MFT recruits first UK participant to study investigating treatment of leading cause of irreversible blindness
The first UK participant has been recruited to a research study that could potentially help millions of people living with a condition that can lead to irreversible blindness.
The study is being delivered at Manchester Eye Hospital (MREH) – part of Manchester University NHS Foundation Trust (MFT) – as well as other sites across the UK and Europe, and is investigating the best treatment for glaucoma.
Glaucoma is a common and progressive eye condition, usually caused by a build-up of fluid in the eye. This fluid build-up increases pressure, known as intraocular pressure (IOP). If untreated or insufficiently treated, elevated IOP can lead to permanent vision loss.
It is estimated that 76 million people worldwide currently have glaucoma, and that this will increase to 112 million by 2040.
Treatments for glaucoma aim to reduce the pressure inside the eye by using medication, laser treatment, or surgery. The treatments being evaluated in the TRIDENT study are approved as surgical treatments for patients who have open-angle glaucoma (where drainage channels in the eye become blocked over time), and which leads to elevated IOP.
The researchers hope that the information gained through this trial will reveal if one treatment has any advantage over another, to help inform future clinical care.
About this research
As TRIDENT is an observer-masked trial (where the evaluator of the outcomes is unaware of what treatment was used), participants in the study will be ‘randomised’ to receive one of three treatments to help lower eye pressure:
- OMNI®* Surgical System Canaloplasty and Trabeculotomy: which involves enlarging and opening up the normal drainage channel and also removing a thin layer of tissue, in order to improve access to the drainage channels.
- OMNI®* Surgical System Canaloplasty: which involves enlarging and opening the normal drainage channel.
- iStent Inject Implantation: which involves the placement of two very small stents that improve access for the fluid in the front of the eye to the drainage channels.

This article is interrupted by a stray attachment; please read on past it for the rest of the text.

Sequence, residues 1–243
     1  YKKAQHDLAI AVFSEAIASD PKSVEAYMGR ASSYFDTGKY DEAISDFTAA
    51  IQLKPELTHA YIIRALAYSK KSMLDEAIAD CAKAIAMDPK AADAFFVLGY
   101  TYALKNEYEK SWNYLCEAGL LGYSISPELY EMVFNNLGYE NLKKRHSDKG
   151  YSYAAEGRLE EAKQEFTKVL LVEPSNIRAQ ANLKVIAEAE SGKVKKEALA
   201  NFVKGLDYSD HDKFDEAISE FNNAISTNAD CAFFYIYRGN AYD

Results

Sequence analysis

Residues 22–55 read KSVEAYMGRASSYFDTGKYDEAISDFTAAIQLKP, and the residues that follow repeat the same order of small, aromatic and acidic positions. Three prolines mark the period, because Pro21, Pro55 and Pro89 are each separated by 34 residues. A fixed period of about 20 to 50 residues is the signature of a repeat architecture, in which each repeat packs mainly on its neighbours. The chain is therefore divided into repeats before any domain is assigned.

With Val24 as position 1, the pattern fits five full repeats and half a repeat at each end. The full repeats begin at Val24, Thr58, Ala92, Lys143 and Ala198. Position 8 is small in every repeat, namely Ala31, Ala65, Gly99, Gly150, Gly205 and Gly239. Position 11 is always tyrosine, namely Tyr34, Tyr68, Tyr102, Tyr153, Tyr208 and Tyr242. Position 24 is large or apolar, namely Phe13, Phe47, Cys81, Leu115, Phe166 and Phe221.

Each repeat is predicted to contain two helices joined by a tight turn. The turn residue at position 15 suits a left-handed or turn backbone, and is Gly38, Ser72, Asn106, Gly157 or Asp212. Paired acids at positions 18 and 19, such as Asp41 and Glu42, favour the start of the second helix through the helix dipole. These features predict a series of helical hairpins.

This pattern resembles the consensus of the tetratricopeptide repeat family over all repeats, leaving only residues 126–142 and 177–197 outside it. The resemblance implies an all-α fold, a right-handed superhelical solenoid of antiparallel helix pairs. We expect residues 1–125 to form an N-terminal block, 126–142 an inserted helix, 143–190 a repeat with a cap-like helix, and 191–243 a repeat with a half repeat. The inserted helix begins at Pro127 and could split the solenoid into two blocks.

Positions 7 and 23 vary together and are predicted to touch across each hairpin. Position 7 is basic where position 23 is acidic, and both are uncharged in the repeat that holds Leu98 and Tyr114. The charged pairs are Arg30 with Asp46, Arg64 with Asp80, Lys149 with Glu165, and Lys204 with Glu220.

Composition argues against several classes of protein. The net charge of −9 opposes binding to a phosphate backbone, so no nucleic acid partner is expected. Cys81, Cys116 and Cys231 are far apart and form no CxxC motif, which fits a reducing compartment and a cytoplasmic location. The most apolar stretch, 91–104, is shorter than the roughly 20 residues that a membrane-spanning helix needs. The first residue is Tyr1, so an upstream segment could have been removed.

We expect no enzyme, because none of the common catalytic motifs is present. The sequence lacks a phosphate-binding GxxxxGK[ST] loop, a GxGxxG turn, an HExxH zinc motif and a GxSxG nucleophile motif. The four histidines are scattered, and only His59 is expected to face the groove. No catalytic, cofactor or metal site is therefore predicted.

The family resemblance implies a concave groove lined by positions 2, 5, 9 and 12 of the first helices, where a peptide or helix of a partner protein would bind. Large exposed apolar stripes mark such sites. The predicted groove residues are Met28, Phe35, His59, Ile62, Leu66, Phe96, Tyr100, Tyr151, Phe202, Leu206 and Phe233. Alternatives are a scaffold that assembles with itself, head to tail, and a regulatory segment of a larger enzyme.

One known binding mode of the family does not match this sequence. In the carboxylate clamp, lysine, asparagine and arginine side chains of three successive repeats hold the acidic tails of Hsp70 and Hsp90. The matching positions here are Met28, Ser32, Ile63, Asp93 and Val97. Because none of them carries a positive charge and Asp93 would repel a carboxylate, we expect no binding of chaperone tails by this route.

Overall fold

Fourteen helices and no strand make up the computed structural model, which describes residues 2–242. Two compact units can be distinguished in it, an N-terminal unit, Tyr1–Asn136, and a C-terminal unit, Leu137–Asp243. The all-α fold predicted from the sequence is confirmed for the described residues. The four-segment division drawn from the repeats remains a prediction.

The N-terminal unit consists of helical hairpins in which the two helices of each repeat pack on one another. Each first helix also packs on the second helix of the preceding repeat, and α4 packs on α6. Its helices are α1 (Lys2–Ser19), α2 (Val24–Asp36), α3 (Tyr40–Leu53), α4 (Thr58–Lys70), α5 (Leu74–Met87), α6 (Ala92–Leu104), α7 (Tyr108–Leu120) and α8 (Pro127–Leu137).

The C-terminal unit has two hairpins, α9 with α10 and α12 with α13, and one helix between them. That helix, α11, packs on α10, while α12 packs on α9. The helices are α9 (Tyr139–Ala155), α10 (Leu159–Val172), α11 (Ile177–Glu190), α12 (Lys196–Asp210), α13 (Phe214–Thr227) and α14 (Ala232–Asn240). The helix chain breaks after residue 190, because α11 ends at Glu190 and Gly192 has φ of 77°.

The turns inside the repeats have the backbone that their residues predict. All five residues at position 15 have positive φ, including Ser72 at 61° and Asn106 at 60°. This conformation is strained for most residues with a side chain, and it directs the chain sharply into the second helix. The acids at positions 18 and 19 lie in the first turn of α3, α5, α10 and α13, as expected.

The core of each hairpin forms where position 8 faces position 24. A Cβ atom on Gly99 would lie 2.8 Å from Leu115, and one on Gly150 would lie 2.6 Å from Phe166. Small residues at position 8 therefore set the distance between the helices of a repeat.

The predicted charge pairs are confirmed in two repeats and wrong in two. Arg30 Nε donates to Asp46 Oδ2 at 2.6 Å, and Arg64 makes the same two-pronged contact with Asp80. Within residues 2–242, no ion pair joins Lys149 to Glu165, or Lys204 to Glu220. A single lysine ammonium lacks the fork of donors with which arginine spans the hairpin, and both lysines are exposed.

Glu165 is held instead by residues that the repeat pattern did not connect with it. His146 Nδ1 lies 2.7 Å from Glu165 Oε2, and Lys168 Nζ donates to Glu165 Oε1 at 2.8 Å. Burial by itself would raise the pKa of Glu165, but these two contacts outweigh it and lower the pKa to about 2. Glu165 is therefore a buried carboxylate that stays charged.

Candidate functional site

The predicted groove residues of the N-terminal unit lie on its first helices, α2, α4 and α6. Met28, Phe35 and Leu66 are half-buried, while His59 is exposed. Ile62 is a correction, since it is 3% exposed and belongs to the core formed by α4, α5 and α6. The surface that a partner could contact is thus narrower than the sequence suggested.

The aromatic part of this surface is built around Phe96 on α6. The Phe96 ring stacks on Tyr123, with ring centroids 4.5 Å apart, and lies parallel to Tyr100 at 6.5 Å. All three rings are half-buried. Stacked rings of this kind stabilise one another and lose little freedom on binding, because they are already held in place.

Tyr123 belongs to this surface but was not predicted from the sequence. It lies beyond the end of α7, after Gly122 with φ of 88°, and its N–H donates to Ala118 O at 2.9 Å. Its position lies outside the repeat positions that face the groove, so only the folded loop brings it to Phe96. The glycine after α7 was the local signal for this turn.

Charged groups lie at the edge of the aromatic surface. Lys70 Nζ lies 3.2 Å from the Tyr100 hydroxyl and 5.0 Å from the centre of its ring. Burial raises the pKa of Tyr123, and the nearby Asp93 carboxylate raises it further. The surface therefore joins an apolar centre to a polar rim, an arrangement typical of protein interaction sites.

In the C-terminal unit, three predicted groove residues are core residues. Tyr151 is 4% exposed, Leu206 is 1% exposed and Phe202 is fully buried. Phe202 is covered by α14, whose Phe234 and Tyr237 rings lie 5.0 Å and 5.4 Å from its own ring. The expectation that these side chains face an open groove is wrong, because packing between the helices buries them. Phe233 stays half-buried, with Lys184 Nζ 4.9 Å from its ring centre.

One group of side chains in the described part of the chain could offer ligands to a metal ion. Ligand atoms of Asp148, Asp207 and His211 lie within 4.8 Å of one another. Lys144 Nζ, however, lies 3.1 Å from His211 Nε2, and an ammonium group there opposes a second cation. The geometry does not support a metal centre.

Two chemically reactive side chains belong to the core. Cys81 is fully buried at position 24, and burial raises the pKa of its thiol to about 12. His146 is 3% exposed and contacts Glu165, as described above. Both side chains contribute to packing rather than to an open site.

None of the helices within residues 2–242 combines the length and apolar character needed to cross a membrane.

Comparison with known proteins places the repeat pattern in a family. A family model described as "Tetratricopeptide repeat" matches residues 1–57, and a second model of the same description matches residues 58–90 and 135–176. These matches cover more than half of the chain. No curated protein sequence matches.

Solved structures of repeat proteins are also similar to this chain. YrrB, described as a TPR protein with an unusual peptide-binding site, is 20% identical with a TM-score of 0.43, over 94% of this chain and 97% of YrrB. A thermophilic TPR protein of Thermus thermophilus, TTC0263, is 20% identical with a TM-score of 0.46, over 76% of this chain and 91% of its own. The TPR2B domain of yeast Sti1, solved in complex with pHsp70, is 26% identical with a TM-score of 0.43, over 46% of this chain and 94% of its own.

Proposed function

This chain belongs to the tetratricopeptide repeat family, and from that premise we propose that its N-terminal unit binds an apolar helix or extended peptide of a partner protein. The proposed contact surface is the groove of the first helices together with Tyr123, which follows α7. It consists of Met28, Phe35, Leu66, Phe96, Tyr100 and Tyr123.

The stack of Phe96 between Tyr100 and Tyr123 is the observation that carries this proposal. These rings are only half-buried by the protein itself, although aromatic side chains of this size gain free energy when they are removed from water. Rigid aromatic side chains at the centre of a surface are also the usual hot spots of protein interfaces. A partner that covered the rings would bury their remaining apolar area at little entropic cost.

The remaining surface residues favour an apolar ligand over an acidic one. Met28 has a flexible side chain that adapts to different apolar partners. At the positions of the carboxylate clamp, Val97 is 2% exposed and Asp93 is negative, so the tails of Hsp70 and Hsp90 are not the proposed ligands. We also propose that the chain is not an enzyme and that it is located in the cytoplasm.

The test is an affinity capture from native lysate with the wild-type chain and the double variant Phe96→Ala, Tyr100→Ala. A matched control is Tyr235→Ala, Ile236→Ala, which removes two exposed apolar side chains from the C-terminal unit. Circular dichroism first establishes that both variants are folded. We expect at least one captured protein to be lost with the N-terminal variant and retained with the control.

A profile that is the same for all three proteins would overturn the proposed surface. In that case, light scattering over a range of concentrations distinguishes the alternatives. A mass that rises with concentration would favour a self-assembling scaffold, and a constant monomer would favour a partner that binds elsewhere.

Mr Leon Au, Consultant Ophthalmic Surgeon at MREH and Study Lead at MFT, said: “Around half a million people in the UK are affected by glaucoma, with most patients treated with daily eye drops. While these are effective at reducing inner eye pressure for most patients, they are not always a suitable solution.
“The TRIDENT study, being delivered here in Manchester, provides an exciting opportunity to seek additional evidence on safe and effective options when addressing IOP in open-angle glaucoma in a broad patient population.”
Charu Amin, who lives in central Manchester, was formerly a lab technician at Wythenshawe Hospital – which like MREH is part of MFT.
The 71-year-old was diagnosed with open angle glaucoma eight years ago, which is around the time that she retired.
Charu said: “I currently have to put eye drops in twice a day at the same time. It’s fine but just means I have to remember to take my eye drops out with me and to use them if I’m out and about.”
“I’ve had slight deterioration in my right eye since being diagnosed. I hope that this trial is successful and will help to keep the eye pressure steady, slow any deterioration, and end the need for eye drops.”
This 12 to14-month research study is being sponsored globally by Sight Sciences, Inc. and is being conducted at more than 20 hospitals located within the European Union, the United Kingdom, and Switzerland.
*OMNI® is a registered trademark of Sight Sciences, Inc.